5 The Best Cameras in 2018 – Hey, are you a person who likes to travel or does someone like to capture the best moments with the camera. Looking for a great camera that does all the hard work for you? You can direct and take pictures with many cameras, but if you don’t want to intervene when taking your photos too much, you will find that some models are more suitable than others.
You should also pay attention to the camera by tilting the LCD screen if you want to be creative, and viewfinders if you tend to shoot outdoors with any frequency. The long zoom is great for holidays and traveling. However, this feature tends to be accompanied by a narrower maximum aperture range – which can make the camera more difficult to use in low light and when looking to create a shallow depth of field.
01. Sony RX100 Mark IV
The best point-and-shoot camera overall
Type: Compact | Sensor: 1in | Megapixels: 20.1MP | Lens: 24-70mm f/1.8-2.8 | Screen: 3in tilting screen, 1,040,000 dots | Viewfinder: EVF, 2.36million dots | Continuous shooting speed: 16fps | Max video resolution: 4K | User level: Enthusiast
Powerful performance in tiny body (plus)
Excellent 4K video recording (plus)
Somewhat slippery in the hands (minus)
Battery life could be better (minus)
Sony has wisely chosen not to discontinue any of its six RX100 cameras since each camera’s respective launch, which means there’s a strong possibility one will suit your specific budget. While the company’s most recent two models still have an asking price that sails close to their RRPs, the
RX100 Mark IV
continues to hit the sweet spot between features, performance, size and price. An idea all-rounder for the more discerning user, on top of a 20.1MP 1in sensor and a ZEISS Vario-Sonnar T* 24-70mm f/1.8-2.8 optic, the camera has a high-quality pop-up viewfinder, together with a tilting LCD screen that goes all the way around to face the front, and even 16fps burst shooting for critical captures. 4K video and HD recording to a staggering 960fps for slow-motion output are also on hand (making this our pick of the best point-and-shoot cameras for film, too) as is Wi-Fi and NFC for simple cable-free communication between the camera and smart device. It’s not the cheapest point-and-shoot camera, but you get a solid performer for your money, whatever it is you want to shoot.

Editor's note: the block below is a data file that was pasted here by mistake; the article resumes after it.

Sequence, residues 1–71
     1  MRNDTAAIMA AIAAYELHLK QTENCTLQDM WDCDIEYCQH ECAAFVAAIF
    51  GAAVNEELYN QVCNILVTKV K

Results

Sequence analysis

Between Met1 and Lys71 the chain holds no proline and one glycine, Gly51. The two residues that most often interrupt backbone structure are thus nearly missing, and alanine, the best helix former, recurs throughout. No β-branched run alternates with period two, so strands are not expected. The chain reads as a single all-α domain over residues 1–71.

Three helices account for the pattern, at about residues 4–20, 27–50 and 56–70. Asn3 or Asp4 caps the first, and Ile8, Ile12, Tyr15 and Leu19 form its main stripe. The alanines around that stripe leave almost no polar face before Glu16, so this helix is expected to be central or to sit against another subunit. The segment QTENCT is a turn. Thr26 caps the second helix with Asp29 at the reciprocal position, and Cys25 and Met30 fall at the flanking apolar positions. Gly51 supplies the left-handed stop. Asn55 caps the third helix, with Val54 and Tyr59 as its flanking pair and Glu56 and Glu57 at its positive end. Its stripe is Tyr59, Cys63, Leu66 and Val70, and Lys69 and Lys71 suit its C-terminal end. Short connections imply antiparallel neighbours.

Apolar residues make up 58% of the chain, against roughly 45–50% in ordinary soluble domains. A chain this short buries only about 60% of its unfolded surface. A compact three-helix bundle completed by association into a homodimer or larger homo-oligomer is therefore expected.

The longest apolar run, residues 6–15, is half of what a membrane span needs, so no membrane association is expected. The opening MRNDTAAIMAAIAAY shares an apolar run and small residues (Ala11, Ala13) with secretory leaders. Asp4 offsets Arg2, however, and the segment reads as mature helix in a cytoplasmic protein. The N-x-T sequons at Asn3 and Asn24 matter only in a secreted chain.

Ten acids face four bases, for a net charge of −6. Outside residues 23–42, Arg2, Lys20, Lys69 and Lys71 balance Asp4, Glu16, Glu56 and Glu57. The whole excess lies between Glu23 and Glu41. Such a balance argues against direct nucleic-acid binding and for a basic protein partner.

2. Leica Q (Typ 116)
If you have a bigger budget to play with, this modern full-frame smasher should be at the top of your list
Sensor: Full frame | Megapixels: 24MP | Lens: 28mm f/1.7 | Monitor: 3in fixed touchscreen, 1.04million dots | Viewfinder: EVF | Continuous shooting speed: 10fps | Max video resolution: Full HD | User level: Expert
Beautiful sensor/lens combo (plus)
One of the best EVFs around (plus)
Very expensive (minus)
No 4K video (minus)
Leica’s excellent M-series rangefinders are probably the last kind of camera that would make this list, but the firm’s
Q (Typ 116)
model is a different beast. It blends classic good looks with modern trappings, from autofocus and built-in Wi-Fi through to a 3in touchscreen and a superb 3.68million-dot electronic viewfinder. The 24MP full-frame sensor allows it to easily capture better images than most other compacts, although the fixed-focal length 28mm f/1.7 lens in front of it – while optically excellent – may prove to limit for those who may need a zoom. This is a no-compromise point-and-shoot camera that produces exquisite stills, but it’s asking price very much reflects this – definitely one for the purist.
3. Canon PowerShot G7 X Mark II
The best Canon point-and-shoot camera, with great handling, Raw shooting and plenty of manual control